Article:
Tuesday 13 September 2011

Review: The Guard

Year: 2011
Director: John Michael McDonagh
Screenplay: John Michael McDonagh
Starring: Brendan Gleeson, Don Cheadle, Mark Strong

Synopsis is here

As The Guard is an Irish film, it's no surprise to me that I have to scraper to an art house cinema chain in a small town in order to catch a screening. I didn't do too much reading into it due to a mixture of time and a general not-particularly-botheredness about it. However due to a Q & A screening for Red State being pulled and me managing to watch the film elsewhere, I took a plunge on the film as I had nothing else to do with my time. A couple of hours later and I come out of one of my favourite films of the year. A deceptively touching story, a character actor knocking his lead performance out of the park and a screenplay with dialogue as charming and witty as it is un P.C.

It's no surprise that the director John Michael McDonagh is the brother of In Burges director Martin McDonagh as The Guard features the same knockabout humour which made the 2008 hitman comedy a popular cult favourite. The buddy comedy aspect is also with both films however this film is much more interested in playing around with the particular sub-genre, turning aspects on it's head and casting a wry eye over the usual genre elements. Consider Gleeson here as an Irish Eddie Murphy to Don Cheadle's more straight edged Judge Reynold. The film merrily toys with the idea of a black Yale educated FBI agent full out of his element in gaelic, small town Ireland. It's important to see this compared to the Rush Hours, Cop Outs, 48 Hours or Last Boy Scouts within the genre. We see the "streetwise black guy" so often it's almost second nature. The simple act of turning this aspect on it's head makes way for some good humour (seriously worth watching for Don Cheadle's reactions alone).

We get racial jibes about swimming and growing up in the projects by Gleeson's character, but it's not at Cheadle's (or the audience's) expense in any shape or form as McDonagh has created a character who deftly balances the suggestion that his ignorance may all be a massive joke which helps him be a better officer...or not. Is he playing dumb as he knows more about the case than you think and all this FBI nonsense is getting in the way or is he just a naive, tackless old bugger who just not used to the situation he's thrown into?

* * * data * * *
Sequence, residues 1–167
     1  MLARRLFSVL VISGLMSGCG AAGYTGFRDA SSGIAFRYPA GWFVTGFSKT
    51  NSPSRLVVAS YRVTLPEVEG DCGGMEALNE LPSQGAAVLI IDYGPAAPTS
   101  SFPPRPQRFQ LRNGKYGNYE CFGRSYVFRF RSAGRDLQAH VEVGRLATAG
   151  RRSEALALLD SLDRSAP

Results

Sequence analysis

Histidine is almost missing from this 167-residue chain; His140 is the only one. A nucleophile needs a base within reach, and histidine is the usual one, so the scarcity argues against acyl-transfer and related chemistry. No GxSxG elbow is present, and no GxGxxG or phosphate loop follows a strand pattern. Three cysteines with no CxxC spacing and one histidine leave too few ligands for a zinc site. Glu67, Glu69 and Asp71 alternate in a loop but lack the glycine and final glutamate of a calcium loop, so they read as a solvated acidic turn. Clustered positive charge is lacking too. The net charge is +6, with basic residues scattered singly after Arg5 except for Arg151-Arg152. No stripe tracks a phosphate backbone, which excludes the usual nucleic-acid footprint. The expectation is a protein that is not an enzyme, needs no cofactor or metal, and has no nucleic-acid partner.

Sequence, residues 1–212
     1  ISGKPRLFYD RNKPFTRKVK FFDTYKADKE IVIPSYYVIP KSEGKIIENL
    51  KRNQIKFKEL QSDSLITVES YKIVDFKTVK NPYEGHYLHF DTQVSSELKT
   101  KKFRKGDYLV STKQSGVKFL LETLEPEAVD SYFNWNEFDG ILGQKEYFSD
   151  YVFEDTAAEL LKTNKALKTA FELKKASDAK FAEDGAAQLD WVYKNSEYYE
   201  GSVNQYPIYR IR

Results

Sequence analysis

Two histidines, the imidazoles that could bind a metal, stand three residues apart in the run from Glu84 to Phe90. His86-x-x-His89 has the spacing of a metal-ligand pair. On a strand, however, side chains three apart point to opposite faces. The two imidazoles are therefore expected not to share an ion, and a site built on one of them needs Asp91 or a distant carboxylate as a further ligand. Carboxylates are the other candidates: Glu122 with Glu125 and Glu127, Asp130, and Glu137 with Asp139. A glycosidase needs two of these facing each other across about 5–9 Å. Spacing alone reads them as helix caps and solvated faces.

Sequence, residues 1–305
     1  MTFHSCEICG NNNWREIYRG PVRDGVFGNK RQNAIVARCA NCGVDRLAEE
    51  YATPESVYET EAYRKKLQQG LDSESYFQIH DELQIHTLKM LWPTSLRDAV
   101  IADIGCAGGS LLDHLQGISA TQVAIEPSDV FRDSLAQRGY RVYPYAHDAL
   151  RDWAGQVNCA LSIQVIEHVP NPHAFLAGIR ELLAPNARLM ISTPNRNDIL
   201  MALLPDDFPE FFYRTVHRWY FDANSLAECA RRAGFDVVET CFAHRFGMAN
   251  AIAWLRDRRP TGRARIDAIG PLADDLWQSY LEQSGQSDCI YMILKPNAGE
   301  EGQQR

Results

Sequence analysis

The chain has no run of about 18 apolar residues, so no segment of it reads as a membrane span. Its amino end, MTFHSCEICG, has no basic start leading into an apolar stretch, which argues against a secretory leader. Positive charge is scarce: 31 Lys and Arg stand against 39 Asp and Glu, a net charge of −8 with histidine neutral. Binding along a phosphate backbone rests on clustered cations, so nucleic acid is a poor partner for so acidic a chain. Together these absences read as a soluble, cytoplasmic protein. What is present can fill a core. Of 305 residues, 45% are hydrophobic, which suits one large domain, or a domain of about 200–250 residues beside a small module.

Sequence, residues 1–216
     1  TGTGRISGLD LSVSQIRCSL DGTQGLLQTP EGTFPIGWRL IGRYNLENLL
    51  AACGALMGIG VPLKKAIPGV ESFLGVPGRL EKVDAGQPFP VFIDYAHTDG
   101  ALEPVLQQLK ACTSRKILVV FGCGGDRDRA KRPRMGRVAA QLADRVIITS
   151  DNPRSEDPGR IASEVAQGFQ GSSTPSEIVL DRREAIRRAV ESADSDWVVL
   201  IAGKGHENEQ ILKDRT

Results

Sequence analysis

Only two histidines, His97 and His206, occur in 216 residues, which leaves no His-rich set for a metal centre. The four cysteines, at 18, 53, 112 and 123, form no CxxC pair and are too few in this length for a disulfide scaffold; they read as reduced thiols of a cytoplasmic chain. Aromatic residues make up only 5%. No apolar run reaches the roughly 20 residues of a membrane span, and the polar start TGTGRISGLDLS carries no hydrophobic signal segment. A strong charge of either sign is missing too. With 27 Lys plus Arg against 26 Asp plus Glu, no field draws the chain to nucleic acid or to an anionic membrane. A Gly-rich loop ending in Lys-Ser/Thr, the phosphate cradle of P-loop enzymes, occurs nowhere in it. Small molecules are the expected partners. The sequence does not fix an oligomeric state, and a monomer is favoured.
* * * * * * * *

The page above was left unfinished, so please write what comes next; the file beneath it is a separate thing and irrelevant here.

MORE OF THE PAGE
Gleeson's Gerry Boyle is a wonderfully full-bodied character (gleefully embraced by Gleeson) who has relationships which germinate around him as the film goes on. Once again I like it when this happens and the film doesn't feel like a robotic reading of a script. The relationship between his dying mother (a wonderful Fionnula Flanagan) is gently humorous as well as heart-rendering, while the partnership with Cheadle's Wendell Everett knocks banter, misunderstandings and finally friendship like no bodies business.

The whole film is like this however; chocked full of silly character moments from a strong cast (short and sweet turn from Mark Strong) and a script which constantly plays with the idea of the buddy cop movie. We get lowest of the low criminals with extraordinary high taste in culture and philosophy, a kid so hooked on genre T.V he plays a conversation with Boyle as if he's that first edgy witness (you know the one that's ALWAYS in these things), while a characters first day on the job is the worst day of his life (consider those cops who don't to that last day of retirement due to a bullet related illness).

Ireland is gorgeously captured through the lens and the films gentle meandering pace and manner is held together with laugh out loud one liners and sharp asides. The film is also happy to shift tones in it's more quieter character moments giving the same emotional tap that In Burges was happy to provide.

Interestingly while In Burges comments on religion, guilt and sin, The Guard appears more focused on existentialism. It's low life constantly questions not the pointlessness of their job, but life itself while the films ambiguous climax could be lost on a first viewing, becoming clearer on a second glance. The clues lie within the relationships that Gerry Boyle has and loses. Boyle is asked if he's real fucking dumb or real fucking smart. We've seen the answer in his eyes throughout the movie and it's more than you think.